Rome is a glorious monument to Western civilization, and rightly so. It’s packed with epic history, delicious food, vibrant culture… and a million ravenous tourists scrambling over its streets and statuary from dawn to well after sundown.
Rome 2023 was a banner year for two things: tourists and temperatures. The influx of global travelers crawling over the city caused unprecedented damage and disruption, and rising mercury baked the Roman concrete with highs over 40°C (104°F). As if that wasn’t enough, a freak anticyclone (appropriately named “Nero”) burned up what was left of the Eternal City to close out the season.
Without a doubt, expats, lifelong visitors, and natives alike are wondering how to weather the storm and reconnect with the lifestyle and authenticity that drew them to the Italian peninsula in the first place.
The answer? The same today as it’s been for Romans since time immemorial:
Escape to the countryside.
In Search of Authenticity
The real Italy still exists in the wine glasses and quiet cobblestone streets that dot the hillsides between Rome and Florence, and nowhere is it more alive than Orvieto. The trip from Rome to Orvieto is just over an hour by train, and this untouched gem’s medieval walls have managed to keep out the hordes and preserve some of the finest historical, culinary, and artistic legacies you’ll find anywhere in the world.
What is Special About Orvieto?
In a word: everything, and that’s been a fact since its ancient Etruscan forbearers first settled in the fertile countryside in the 9th century BCE. The modern city was founded in 1137 atop a hill with a commanding view of the surrounding landscape, and Orvieto’s stature made it an obvious focal point for popes, merchants, and the wealthy elite alike. The medieval walls girdling the citadel encompass the tombs of its ancient inhabitants, and in 1591 its pinnacle was finally crowned with one of the most beautiful and enchanting cathedrals in all Europe.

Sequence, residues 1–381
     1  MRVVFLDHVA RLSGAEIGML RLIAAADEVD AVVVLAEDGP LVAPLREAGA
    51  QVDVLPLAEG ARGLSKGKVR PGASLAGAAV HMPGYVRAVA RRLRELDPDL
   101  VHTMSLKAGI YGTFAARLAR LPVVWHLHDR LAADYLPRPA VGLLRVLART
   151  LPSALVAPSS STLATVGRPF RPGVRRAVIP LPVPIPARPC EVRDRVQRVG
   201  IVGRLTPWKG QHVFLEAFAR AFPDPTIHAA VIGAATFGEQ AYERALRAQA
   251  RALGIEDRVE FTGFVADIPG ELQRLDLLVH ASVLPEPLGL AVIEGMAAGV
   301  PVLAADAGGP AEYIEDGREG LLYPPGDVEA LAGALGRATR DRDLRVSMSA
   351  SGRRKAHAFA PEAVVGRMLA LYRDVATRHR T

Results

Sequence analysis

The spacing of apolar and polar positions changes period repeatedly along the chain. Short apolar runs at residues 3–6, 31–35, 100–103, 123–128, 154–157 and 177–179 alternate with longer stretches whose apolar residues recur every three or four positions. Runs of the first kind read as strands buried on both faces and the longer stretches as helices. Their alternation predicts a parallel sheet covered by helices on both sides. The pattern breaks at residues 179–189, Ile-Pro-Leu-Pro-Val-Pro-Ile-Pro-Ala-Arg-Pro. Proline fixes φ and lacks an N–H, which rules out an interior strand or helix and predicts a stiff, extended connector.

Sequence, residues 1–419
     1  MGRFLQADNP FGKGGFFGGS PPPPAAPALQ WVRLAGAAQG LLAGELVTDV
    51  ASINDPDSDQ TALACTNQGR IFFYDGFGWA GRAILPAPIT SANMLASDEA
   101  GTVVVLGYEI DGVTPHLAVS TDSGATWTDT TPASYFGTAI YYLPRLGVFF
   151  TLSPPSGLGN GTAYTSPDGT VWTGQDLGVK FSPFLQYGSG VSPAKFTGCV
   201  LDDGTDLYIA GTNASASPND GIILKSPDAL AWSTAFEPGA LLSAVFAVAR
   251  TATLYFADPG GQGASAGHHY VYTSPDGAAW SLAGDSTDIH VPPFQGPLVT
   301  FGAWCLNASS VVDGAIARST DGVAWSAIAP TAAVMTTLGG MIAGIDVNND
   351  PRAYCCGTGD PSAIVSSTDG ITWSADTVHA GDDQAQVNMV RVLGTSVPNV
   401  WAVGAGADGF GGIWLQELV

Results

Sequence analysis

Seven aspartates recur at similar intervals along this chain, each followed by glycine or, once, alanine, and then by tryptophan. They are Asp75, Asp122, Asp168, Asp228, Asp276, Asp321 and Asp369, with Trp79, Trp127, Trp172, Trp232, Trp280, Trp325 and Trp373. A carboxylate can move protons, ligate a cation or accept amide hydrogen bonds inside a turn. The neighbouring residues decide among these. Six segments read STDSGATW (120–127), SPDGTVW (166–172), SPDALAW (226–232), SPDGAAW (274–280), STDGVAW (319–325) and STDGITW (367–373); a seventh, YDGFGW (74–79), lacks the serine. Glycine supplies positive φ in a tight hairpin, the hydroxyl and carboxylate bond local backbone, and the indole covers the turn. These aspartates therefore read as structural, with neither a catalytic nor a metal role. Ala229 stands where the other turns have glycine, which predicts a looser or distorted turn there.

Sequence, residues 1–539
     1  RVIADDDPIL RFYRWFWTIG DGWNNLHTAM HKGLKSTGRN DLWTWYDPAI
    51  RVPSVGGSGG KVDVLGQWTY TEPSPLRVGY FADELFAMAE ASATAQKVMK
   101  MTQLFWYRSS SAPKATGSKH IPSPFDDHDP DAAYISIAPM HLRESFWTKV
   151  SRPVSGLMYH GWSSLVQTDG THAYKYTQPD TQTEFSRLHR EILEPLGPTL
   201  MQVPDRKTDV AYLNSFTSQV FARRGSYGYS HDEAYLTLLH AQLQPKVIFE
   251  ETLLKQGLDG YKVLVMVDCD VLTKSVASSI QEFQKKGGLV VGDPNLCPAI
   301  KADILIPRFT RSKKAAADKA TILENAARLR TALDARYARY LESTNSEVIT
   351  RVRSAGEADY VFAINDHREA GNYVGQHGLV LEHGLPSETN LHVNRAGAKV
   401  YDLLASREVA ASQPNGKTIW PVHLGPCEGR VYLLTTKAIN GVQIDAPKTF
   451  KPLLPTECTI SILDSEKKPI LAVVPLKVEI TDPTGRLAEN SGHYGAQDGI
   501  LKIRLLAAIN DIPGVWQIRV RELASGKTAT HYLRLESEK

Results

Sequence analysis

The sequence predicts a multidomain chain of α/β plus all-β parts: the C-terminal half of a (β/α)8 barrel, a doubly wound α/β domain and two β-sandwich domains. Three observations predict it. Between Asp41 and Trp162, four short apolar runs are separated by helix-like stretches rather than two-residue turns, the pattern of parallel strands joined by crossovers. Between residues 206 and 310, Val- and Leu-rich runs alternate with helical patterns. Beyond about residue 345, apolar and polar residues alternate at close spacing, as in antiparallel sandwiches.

Life has certainly modernized, but the cultural attitude of its inhabitants is much the same as it has been for the last 10 centuries. Local shops for cured meats, cheeses, produce, and bread are still the go-to options for its townspeople, and the sumptuous and deceptively complex combination of juicy pork, creamy fat, and crispy skin that goes into a porchetta sandwich—a purely Umbrian creation—is easy to find from local vendors.
The Thursday/Saturday market offers a dazzling assortment of goods and produce from across the region, and the cool evenings are a time to socialize and exercise as grandmothers and granddaughters stroll arm in arm through the streets. And yet, for its welcoming and vivacious natural character, Orvieto still manages to offer its visitors something unheard of anywhere near the confines of the Roman pomerium:
There are no cars on the streets of Orvieto Centro, and it’s never more than a five-minute walk from its lively squares to a quiet space overlooking the countryside for some relaxation and reflection.
Food and wine in Orvieto are still served as they ought to be; the locals have very distinct ideas about both that have not bowed to the pressure of generic touristic expectations. Its white, crisp Orvieto Classicos and Superiores represent the high viticultural achievement of the clayey soils throughout Umbria and Lazio, and stand confidently beside the rich Tuscan Brunellos from the north.
Equally individualized is the Umbrian take on ragú di cinghiale—the velvety braise made from the wild boar roaming the forests of central Italy. Unlike the unctuous shreds steeped in red wine found in Florence, Orvieto ristoranti are still turning out their time-honored classic of ground boar and white wine that pairs magnificently with a generous garnish of locally-sourced black truffles.
Best Ways to Get There
You can take a bus or drive yourself from Rome to Orvieto, but the easiest (and fastest) option is by train. They start early and operate all day, and the last train back to Roma Termini leaves Orvieto at 11:25 pm so you’ll have plenty of time to enjoy yourself late into the night.